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Discussion Starter · #2 · (Edited)
That chart is hard to see. It is better if you go to the link. It shows rainfall from 1880 to 2020 for Marin County California.

Now read this article.

"These droughts are now on a new timeline," says Newsha Ajami, a hydrologist and director of urban water policy at Stanford University's Water in the West program. "There used to be at least 10 years in between droughts in California, which was time enough for water ecosystems to recover."

No longer. The last California drought, which persisted six years, ended in 2017. The current one began three years later and poses an existential threat to places like Marin County, which rely on local water sources for most or all of their supply. The past year has been the second driest on record in California.
 

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Look like they had severe flooding in the late 1800s followed by a prolonged drought in the early 1900's. That drought was caused when Henry Ford fired up his first automobile. Since then the graph goes up and down pretty regularly, depending how many run their gas powered weed eaters and chain saws in a given year.
 
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Eyeball the graph-- average (arithmetic mean) is 52 inches/y....It looks like there's just as much white below the line as there is blue above it (by definition of mean, there should be) with the variance of up to ~30 inches +/- /yr
EXCEPT for a couple yrs of excessive rainfall in the 1880s-- right after Pinatubo blew up and covered the atm with dirt for several years-- more rain everywhere that decade.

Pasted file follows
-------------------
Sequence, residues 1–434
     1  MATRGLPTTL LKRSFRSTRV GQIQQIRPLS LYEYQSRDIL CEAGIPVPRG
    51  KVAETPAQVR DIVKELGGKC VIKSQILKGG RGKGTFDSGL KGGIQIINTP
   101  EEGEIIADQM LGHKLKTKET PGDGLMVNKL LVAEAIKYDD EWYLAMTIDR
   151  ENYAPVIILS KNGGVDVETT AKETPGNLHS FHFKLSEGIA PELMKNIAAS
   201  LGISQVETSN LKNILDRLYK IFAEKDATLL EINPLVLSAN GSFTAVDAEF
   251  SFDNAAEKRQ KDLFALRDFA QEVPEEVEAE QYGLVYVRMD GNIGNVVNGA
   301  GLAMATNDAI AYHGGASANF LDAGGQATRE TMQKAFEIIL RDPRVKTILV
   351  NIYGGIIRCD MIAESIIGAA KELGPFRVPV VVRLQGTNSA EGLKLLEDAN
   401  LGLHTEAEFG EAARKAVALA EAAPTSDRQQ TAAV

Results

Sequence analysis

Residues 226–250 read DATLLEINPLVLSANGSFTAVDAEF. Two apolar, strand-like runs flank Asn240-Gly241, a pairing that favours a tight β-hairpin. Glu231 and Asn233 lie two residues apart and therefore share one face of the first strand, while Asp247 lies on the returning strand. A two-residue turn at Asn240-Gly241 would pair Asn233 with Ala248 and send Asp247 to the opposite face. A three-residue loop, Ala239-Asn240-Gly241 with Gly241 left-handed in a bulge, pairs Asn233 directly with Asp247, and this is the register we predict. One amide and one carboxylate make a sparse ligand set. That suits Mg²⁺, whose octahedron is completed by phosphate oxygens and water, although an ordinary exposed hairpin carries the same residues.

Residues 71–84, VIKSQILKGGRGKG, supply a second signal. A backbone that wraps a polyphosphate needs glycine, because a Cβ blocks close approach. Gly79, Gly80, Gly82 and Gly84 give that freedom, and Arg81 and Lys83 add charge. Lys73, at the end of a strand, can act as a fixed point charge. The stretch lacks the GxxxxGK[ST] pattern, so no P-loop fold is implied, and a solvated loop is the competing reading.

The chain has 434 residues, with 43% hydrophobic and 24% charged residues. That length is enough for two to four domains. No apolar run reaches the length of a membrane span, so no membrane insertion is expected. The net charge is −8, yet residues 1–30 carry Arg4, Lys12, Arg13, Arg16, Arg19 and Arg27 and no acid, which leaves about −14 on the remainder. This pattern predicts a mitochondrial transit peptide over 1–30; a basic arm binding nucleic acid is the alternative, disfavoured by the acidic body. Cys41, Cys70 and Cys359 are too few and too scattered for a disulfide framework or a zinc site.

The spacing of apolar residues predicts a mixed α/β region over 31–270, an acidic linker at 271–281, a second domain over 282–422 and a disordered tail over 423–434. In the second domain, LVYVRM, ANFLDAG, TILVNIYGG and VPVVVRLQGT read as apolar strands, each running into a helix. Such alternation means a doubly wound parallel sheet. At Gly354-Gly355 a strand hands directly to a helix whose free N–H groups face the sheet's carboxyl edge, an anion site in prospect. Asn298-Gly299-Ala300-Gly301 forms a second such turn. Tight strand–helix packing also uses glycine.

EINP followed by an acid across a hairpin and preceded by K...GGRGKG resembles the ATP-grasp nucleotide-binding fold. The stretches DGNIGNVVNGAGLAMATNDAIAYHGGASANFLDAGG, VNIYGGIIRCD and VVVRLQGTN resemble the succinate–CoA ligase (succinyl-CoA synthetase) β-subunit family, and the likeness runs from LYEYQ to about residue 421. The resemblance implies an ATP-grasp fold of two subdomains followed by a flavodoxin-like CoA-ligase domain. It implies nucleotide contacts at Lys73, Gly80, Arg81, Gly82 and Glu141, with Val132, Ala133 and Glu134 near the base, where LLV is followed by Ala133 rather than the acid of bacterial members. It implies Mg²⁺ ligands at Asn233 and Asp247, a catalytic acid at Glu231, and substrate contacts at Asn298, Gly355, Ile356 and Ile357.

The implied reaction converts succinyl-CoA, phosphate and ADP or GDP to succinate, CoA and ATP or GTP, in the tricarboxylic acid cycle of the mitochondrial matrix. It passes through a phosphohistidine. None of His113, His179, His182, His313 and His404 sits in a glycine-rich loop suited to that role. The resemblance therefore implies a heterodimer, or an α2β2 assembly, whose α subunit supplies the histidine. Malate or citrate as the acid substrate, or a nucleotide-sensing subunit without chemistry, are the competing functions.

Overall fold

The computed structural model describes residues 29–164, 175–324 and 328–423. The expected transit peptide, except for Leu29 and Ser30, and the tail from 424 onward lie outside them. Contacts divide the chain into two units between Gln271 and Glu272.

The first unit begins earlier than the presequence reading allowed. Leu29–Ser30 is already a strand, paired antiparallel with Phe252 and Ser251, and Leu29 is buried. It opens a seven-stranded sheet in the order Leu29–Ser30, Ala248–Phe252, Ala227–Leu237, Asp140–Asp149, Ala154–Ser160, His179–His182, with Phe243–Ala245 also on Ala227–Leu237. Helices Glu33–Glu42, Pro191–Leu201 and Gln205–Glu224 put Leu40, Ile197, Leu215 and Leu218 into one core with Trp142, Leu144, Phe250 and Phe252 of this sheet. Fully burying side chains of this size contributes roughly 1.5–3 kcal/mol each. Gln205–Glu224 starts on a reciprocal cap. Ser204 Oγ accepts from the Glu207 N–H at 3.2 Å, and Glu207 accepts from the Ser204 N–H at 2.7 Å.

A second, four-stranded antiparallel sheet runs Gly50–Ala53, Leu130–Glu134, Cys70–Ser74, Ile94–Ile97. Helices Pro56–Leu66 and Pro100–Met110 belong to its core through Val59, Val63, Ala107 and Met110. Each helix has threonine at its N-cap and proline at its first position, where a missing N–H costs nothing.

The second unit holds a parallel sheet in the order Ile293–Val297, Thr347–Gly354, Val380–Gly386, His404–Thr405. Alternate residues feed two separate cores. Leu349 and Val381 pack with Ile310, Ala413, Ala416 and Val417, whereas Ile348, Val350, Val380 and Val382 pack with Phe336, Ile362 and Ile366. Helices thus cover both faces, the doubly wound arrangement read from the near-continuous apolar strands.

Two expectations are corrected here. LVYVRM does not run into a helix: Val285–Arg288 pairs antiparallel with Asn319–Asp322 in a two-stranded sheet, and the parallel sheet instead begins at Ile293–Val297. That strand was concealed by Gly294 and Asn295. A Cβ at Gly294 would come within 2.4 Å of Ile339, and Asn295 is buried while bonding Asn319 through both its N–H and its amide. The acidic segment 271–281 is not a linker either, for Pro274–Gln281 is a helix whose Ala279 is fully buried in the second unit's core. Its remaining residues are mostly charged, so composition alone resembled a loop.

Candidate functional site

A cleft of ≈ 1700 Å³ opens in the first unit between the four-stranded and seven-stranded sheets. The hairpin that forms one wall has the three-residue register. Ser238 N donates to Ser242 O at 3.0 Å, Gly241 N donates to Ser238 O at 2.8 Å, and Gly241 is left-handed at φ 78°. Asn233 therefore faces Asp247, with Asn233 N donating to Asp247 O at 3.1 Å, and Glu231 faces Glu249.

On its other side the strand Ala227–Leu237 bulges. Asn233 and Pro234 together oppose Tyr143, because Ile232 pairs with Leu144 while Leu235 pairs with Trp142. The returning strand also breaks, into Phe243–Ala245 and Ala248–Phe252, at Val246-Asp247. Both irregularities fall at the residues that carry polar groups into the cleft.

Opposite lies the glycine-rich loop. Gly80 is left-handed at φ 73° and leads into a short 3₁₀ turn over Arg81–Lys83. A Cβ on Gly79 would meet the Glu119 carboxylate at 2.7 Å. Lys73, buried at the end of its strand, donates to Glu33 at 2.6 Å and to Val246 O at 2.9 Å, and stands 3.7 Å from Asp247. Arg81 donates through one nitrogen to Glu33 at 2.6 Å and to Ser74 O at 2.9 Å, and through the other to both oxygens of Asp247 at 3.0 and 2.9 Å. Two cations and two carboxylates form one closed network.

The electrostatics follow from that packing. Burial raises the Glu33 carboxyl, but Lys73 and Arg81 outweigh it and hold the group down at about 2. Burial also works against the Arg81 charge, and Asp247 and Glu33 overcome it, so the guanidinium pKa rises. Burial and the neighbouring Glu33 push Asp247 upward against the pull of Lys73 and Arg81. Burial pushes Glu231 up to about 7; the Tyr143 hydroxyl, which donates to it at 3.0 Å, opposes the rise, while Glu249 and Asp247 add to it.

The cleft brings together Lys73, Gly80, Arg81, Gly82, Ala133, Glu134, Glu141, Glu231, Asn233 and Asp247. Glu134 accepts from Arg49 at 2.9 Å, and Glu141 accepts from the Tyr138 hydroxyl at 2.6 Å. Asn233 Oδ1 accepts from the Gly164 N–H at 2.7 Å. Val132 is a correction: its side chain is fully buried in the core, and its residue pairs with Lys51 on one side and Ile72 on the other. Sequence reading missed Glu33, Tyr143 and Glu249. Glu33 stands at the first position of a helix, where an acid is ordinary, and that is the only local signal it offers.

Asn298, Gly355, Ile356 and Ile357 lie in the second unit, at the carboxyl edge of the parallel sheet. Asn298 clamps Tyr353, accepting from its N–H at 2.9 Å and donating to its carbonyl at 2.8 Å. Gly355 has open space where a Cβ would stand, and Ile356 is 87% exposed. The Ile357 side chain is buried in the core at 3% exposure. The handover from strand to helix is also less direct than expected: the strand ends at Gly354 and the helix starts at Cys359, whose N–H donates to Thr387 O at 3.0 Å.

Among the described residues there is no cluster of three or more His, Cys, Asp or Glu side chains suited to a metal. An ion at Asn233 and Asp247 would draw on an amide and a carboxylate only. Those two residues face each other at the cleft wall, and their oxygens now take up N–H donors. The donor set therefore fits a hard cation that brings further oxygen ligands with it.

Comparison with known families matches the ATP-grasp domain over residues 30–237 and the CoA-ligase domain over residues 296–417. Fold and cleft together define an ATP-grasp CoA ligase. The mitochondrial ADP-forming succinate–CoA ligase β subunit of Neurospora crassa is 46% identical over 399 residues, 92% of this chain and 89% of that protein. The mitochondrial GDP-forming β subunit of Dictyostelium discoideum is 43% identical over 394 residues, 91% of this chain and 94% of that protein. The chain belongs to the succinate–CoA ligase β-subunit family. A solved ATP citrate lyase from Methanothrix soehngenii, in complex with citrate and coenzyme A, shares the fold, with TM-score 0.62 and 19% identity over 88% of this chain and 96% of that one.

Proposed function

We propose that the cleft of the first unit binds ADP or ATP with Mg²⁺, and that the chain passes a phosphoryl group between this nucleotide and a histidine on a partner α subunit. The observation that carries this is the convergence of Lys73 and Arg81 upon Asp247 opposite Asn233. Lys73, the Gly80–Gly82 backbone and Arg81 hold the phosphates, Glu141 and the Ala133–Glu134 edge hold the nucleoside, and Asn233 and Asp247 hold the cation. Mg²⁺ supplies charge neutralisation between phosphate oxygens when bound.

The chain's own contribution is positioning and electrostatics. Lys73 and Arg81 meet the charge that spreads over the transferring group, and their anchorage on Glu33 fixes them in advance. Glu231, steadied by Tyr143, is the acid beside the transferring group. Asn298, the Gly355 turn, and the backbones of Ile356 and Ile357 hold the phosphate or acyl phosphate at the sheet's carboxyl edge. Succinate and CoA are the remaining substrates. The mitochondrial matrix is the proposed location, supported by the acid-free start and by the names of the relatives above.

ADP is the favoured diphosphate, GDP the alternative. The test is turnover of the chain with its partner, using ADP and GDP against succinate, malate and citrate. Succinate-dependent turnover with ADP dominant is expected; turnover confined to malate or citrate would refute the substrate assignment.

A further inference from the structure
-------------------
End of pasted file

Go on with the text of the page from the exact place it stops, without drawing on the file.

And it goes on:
We're not drier than usual. It was just wetter than usual in the 1880s.

Next!!??

edit-- 52 inch/yr??? here in the midwest known for it's excellent precip, only gets 38 in/yr. Who believes that graph?
 

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Discussion Starter · #8 ·
52 inch/yr??? here in the midwest known for it's excellent precip, only gets 38 in/yr. Who believes that graph?
Something is whacked

Marin County, California gets 39 inches of rain, on average, per year. The US average is 38 inches of rain per year.
 

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The average here is six incher per year. This year we are well over twelve inches. If this is global warming, I'll take it.
Our average here is sixty five inches of rain per year. So far, we've had over seventy four inches this year.
 

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Uh....California is flooding right now. At least the north state is😂😂

I was pretty worried about having another dry year next year, hope we get a lot of snowpack this winter. The lakes are pretty empty, I will grant that. But it's the natural cycle of things in California
 

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California has always had variations in rainfall. They have historically used giant reservoirs to provide water during droughts.